The 2013 statewide ballot measure, Amendment 66, went down in flames – losing almost 2:1 – in spite of $12 million in special interest money poured into its coffers, including money from former New York City Mayor Michael Bloomberg.

Now, the Denver Post is reporting that the Democrats want another bite at the apple, and have been collecting signatures to get a similar, massive tax increase on the ballot.

Amendment 66 would have raided taxpayer wallets to the tune of $1 billion per year by raising the state’s flat 4.63% income tax to 5% on the first $75,000, and 5.9% on amounts above that. Obviously this would have resulted in a massive income tax increase on Colorado working families, who soundly defeated the measure. And, for what? We have no idea. Edumacashun or something. Maybe. Probably not.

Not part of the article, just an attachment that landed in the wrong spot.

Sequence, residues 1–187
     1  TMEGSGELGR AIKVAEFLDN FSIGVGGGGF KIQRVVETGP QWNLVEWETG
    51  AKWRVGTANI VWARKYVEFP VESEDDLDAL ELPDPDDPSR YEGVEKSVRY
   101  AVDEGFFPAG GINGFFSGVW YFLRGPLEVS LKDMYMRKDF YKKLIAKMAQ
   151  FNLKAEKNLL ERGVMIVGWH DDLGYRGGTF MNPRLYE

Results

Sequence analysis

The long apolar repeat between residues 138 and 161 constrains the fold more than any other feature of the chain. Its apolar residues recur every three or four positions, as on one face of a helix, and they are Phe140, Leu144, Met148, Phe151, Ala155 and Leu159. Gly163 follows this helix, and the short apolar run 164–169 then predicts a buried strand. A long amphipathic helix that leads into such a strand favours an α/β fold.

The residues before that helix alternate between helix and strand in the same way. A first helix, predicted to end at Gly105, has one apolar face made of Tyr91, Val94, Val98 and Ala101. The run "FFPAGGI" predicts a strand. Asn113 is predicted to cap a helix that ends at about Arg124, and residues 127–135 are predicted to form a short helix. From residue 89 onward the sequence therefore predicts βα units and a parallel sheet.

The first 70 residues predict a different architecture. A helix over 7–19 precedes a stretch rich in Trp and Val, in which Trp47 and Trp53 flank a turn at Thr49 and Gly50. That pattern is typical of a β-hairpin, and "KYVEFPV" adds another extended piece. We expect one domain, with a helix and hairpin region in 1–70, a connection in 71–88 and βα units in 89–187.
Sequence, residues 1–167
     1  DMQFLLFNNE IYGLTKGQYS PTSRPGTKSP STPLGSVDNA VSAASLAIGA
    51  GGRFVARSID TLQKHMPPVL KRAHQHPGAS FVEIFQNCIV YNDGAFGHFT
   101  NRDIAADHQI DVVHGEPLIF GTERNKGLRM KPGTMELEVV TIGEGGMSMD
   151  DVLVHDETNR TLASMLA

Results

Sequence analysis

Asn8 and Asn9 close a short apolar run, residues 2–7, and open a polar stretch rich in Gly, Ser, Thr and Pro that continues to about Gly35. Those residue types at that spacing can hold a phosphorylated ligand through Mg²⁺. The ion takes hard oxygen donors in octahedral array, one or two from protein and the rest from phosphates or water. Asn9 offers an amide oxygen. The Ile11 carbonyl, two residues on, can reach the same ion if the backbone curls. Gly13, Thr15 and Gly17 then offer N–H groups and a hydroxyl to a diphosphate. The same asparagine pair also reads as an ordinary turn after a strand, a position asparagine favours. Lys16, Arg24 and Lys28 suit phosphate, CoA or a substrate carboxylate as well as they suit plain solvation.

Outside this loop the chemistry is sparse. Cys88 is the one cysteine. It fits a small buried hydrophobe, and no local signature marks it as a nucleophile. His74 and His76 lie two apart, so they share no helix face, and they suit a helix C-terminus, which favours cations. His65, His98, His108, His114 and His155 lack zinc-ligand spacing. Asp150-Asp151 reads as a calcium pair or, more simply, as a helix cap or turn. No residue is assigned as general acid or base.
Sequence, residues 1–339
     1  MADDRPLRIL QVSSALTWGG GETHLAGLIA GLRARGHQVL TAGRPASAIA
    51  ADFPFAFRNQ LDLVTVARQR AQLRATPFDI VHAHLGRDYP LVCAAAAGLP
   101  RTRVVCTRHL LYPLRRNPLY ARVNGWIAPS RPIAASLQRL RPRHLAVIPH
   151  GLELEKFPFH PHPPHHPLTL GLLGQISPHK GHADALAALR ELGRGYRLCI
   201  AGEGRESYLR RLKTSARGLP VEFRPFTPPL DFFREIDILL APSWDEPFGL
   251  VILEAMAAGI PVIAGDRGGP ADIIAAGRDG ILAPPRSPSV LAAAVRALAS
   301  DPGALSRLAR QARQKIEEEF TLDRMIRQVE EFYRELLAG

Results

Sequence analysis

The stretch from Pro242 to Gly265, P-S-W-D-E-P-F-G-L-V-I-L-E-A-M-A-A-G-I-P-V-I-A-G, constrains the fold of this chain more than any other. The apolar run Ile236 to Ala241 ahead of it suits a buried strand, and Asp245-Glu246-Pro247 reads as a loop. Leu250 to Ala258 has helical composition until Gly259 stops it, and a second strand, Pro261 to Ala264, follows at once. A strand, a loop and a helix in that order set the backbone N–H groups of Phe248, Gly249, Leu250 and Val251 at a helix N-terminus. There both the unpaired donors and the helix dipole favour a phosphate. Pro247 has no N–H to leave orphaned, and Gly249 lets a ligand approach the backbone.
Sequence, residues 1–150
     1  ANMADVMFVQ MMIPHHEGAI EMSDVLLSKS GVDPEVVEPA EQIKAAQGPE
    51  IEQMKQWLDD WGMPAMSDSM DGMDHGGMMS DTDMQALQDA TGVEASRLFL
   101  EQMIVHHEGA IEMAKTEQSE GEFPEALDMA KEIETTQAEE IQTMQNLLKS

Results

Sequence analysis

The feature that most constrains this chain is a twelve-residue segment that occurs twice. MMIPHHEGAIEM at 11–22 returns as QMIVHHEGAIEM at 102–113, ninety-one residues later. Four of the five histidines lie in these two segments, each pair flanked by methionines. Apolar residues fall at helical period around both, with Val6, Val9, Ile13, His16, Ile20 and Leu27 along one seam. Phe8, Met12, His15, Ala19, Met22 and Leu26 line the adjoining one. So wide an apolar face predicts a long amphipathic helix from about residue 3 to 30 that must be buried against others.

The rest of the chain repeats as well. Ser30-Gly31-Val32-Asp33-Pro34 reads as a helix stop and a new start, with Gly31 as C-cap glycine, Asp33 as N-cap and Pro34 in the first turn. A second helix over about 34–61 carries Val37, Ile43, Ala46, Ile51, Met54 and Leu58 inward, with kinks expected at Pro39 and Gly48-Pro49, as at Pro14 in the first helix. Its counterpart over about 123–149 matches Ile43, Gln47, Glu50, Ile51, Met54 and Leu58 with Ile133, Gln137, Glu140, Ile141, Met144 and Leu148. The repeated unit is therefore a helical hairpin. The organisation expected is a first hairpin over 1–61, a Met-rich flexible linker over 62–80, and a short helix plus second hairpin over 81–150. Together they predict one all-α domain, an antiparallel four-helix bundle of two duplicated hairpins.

The reprise of this terrible idea is almost a double-down on the failed 2013 measure.  The proposal seeks a tiered state income tax schedule that even more drastically punishes Colorado’s most productive employees and job creators, trying to drain an additional $1.7 billion per year from worker paychecks.

We expect this measure to be obliterated at the ballot box, just as its parent was laid to waste by sensible Coloradans.  A major part of the economic growth that our state has experienced in the past several years is directly related to its tax structure – which is rather benign compared to many overtaxed coastal states.  And thanks to TABOR, we can rest assured that the ultimate arbiter of these decisions will be the people who will actually foot the bill – as it should be.